|どう です か？
desu ka? How is
(it)? [Use this for asking about food, or anything that is being done now]
どう でした か？ dou deshita ka? How was (it)? [Use this to find out about past experiences - movie, last night's date, molded pizza you just ate...]
yatte? How do you do it? [Ask this when you are not sure how to do
どう しました か？ dou shimashita ka? What happened? [Ask this if someone looks sad or something has happened]
どうしよう dou shiyou What shall (I or we) do? [This is often used when you can't make a decision and want help... doushiyou, ne!]
どう する の？dou suru no? What will you do? [When you want to encourage someone to make a decision -- Well, what will you do?]
If you want to state your opinion and then encourage someone to agree, use deshou.
firipin wa atsui deshou?
The Philippines is hot, isn't it?
[You are expecting a 'yes' answer]
It hurts, doesn't it?
[You see someone who has just slammed their head in the low doorway]
But usually でしょう is used to mean 'probably':
Ame ga furu deshou ne.
It will probably rain, don't you think?
And another common usage is どうでしょう meaning 'how about...' or 'what do you think about'
udon wa dou deshou?
How about some Udon?
Meet the wonderful 'と to.' Mr. と can act as a quotation marker ("). Don't confuse this with the と that means 'and.' Very often if you are quoting someone or some source. This is best shown with examples:
ore wa su-paman to iimashita.
He said, "I am Superman."
ano e wa juu seiki ni tsukutta to kaite arimasu.
The book says (it is written) that this painting was made in the 10th century.
It can also be used to mark sound effects of things or animals:
ano inu wa 'wan' to iimashita.
That dog barked, "bark"
There are many other usages for 'to.' Paying attention to each usage will help you get a good grasp.
With `i` adjectives the `i` changes to a
`ku` before adding the `nai`...
`na` adjectives simply drop the `na` (which
is really only used before nouns) and add `ja nai` or `ja arimasen` (or
dewa nai & dewa arimasen)...
To learn more about adjectives click here.
話せます hanasemasu - can speak becomes...
watashi wa nihongo ga hanasemasen.
(I) can`t speak Japanese.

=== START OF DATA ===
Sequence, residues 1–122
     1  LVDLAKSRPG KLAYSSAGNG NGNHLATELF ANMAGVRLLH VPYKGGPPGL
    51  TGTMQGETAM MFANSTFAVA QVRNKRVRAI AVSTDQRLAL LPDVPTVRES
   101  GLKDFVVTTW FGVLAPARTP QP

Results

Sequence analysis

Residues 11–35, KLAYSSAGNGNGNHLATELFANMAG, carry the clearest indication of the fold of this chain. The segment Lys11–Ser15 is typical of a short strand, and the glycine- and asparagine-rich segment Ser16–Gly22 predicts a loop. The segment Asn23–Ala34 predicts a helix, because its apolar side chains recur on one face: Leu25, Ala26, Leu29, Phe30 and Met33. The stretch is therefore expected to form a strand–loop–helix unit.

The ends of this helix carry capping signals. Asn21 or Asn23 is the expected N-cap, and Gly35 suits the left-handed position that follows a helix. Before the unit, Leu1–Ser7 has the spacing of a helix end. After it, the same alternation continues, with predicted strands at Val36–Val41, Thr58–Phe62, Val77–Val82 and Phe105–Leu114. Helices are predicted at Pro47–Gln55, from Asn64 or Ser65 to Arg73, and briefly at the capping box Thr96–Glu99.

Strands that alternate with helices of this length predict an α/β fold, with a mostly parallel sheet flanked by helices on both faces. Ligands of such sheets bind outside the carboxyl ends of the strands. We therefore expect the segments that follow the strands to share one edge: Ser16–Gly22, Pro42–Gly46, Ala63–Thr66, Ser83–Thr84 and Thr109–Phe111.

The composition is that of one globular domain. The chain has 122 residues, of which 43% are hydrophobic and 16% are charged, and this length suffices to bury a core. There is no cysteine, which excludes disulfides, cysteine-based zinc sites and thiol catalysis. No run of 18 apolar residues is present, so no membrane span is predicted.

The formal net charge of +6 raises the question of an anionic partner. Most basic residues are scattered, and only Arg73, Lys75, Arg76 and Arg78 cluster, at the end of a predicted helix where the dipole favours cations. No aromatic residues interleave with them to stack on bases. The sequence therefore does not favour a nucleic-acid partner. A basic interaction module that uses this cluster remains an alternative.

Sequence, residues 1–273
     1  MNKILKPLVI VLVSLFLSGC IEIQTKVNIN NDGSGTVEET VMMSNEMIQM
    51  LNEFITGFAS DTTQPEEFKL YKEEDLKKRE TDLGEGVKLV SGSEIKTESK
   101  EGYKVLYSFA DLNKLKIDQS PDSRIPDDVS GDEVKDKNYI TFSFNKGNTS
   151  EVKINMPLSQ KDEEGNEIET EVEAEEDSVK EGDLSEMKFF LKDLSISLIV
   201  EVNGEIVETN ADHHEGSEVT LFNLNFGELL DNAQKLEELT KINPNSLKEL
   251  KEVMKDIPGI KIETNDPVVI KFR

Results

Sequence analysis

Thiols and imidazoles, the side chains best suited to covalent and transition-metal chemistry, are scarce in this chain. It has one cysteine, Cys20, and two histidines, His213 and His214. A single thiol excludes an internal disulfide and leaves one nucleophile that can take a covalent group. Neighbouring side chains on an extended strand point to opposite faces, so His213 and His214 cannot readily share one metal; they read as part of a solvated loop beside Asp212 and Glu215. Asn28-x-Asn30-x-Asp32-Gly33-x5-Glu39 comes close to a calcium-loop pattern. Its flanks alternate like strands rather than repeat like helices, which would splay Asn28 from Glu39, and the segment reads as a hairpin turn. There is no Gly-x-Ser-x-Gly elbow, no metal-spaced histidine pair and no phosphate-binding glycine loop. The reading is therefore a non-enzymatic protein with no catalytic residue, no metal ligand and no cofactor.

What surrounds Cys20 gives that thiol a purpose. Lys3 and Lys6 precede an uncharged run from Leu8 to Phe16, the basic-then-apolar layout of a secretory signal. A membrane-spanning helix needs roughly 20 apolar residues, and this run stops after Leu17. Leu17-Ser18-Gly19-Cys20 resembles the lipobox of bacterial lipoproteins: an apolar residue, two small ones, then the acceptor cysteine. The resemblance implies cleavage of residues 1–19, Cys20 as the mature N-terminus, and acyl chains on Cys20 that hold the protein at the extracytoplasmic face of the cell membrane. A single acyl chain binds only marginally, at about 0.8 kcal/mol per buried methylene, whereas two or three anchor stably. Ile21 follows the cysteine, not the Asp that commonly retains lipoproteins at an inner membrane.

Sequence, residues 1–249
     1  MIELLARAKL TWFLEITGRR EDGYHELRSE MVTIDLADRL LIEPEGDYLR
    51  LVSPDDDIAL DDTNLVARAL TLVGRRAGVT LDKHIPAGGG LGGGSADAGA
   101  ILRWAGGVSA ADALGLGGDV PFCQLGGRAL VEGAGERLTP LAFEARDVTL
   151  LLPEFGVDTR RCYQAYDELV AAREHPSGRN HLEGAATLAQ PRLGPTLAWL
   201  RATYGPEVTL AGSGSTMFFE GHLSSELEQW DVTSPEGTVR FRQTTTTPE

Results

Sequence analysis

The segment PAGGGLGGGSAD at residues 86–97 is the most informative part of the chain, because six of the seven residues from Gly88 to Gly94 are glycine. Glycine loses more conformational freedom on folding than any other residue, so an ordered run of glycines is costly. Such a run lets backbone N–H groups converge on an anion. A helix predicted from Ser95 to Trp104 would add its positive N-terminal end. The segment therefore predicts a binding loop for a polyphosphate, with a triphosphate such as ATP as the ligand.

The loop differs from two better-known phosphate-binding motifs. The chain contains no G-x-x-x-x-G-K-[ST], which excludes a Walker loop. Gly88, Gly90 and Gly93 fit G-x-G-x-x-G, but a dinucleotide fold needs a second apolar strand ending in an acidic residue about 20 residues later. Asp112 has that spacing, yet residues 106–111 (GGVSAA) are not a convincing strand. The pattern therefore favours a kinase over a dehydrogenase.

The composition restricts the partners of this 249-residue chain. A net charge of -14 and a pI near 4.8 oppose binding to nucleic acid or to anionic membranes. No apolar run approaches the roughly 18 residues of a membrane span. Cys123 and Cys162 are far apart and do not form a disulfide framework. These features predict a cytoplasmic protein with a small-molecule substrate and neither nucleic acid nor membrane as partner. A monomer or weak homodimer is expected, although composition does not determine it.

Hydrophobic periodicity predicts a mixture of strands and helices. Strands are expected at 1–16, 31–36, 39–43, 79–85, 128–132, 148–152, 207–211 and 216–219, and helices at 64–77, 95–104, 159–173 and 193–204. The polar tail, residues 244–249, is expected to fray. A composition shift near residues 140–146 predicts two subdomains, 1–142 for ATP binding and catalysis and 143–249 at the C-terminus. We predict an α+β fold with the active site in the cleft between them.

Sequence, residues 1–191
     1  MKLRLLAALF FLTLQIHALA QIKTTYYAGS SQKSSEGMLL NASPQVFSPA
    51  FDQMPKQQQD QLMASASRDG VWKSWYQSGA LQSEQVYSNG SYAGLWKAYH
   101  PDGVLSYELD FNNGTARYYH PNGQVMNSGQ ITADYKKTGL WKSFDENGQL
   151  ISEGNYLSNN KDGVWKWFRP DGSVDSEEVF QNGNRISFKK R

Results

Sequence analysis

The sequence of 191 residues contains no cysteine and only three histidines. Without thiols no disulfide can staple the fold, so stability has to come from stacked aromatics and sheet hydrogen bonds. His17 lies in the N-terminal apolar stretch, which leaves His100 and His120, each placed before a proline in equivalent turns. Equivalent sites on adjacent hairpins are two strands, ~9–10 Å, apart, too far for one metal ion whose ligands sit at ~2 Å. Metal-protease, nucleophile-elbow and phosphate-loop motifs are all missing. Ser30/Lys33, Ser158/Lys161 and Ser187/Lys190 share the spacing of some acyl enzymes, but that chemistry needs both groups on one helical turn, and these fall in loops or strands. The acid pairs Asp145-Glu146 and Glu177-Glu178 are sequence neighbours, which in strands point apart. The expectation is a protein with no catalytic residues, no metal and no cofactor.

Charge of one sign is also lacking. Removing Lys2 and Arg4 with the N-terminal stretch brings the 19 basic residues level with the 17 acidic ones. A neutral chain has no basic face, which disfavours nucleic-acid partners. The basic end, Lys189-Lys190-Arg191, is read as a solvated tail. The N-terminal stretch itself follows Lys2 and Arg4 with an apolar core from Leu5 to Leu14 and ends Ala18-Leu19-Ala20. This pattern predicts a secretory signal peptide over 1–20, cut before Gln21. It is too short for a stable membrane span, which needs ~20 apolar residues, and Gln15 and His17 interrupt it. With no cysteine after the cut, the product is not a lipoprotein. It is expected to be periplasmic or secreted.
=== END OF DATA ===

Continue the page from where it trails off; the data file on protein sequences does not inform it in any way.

分かります wakarimasu - understand becomes...
watashi wa eigoga wakarimasen.
(I) don`t understand English.
If you can make the -masu form, just drop the す and add the せん。
You may have noticed there are no `no` words needed to make a negative like in English. You simply modify the verb`s ending.
To make the negative in the plain, or simple, form by taking the basic stem and adding ない to it.
With the `ru` verbs you simply drop the
る and add ない as in 忘れる wasureru (to forget)...
nihongo o wasurenai.
(I) don`t forget Japanese.
And for the `u` verbs we change the ending
`u` sound to a `a` sound as in 書く kaku -> 書か...
tegami o kakanai.
(I) don`t write letters.
Finally we come to する and the other irregular verbs.
する is しない in the simple form and しません in the polite form
sukaidaibingu o shimasen.
(I) don`t do sky diving.
And 来る kuru is 来ない konai and 来ません kimasen in the formal...
gojira ga konai.
Godzilla doesn`t come.
To review the 3 types of verbs click here.
If you plan on speaking Japanese these two words are very useful.予定 yotei and つもり tsumori予定 yotei and つもり are very similar in meaning and usage. 予定 conveys more of a `schedule` feel whereas つもり is more of a `conviction of doing something. All you have to do is to stick either on the end of a verb (simple form)...
To add つもり or 予定 to any verb just find the simple form...
nihon ni iku tsumori (or yotei) desu.
I intend to go to Japan.
[if you use tsumori, you `intend` to go one way or another; if you use yotei you already have a hard schedule set to leave at a certain time.]
Here is how you add it to a する verb
anata to kekkon suru tsumori (or yotei) desu.
I intend to marry you.
You can also use it with nouns by sticking a の before the tsumori and after adjectives. But for now concentrate on the verb usage.
Let`s quickly go over some common Punctuation thingies:
the まる acts just like our period by ending the sentence. It looks like a ball - maru
|the てん acts like a comma. This is often found after は as in わたしは、あなたが好きです。 (I, like you)|
「 and 」
|These brackets hold quotations and work like our "" marks|
You should know はず. It is easy and useful, therefore you have no excuse :)
Hazu shows an expectation that something should happen. In other words, you are pretty sure something is true. Let`s see how it works...
To add はず to any adjective just add it...
sono kaban wa, takai hazu desu.
That bag must be expensive.
[It is expected to be expensive]
Just add it to the simple form of any verb
anata wa, gojira o shitteiru hazu desu.
You should/must know Godzilla.
We have looked at some 'becauses' that mainly act as a preposition. ので comes at the end of the phrase.
In English we start the phrase with `because`; in Japanese you often say the reason first and then the because...
Just add it after an adjective...
sono kaban wa takai node, zutto tsukau tsumori desu.
Since that bag was expensive, I plan on using it for a long time.
Just add it to the simple form of any verb
gojira ga kuru node, toukyou wa kowai tokoro desu.
Since Godzilla comes, Tokyo is a scary place.
After a noun or a -na adjective add a NA
watashi wa mada gakusei na node, okane ga nai .
Because I am still a student, I don`t have any money.
add it after an adjective...
Use it as a counter:
And the following are a few of the adverbial usages of 何
たべ ます tabe masu [to eat] たべ やすい tabe yasui [easy to eat]
Did you see that? If you know the -masu form of the verb, you can easily drop the -masu and add a yasui.
わかり ます wakari masu [to understand] わかり やすい wakari yasui [easy to understand]
たべ ます tabe masu [to eat] たべ にくい tabe nikui [hard to eat]
If you know the -masu form of the verb, you can easily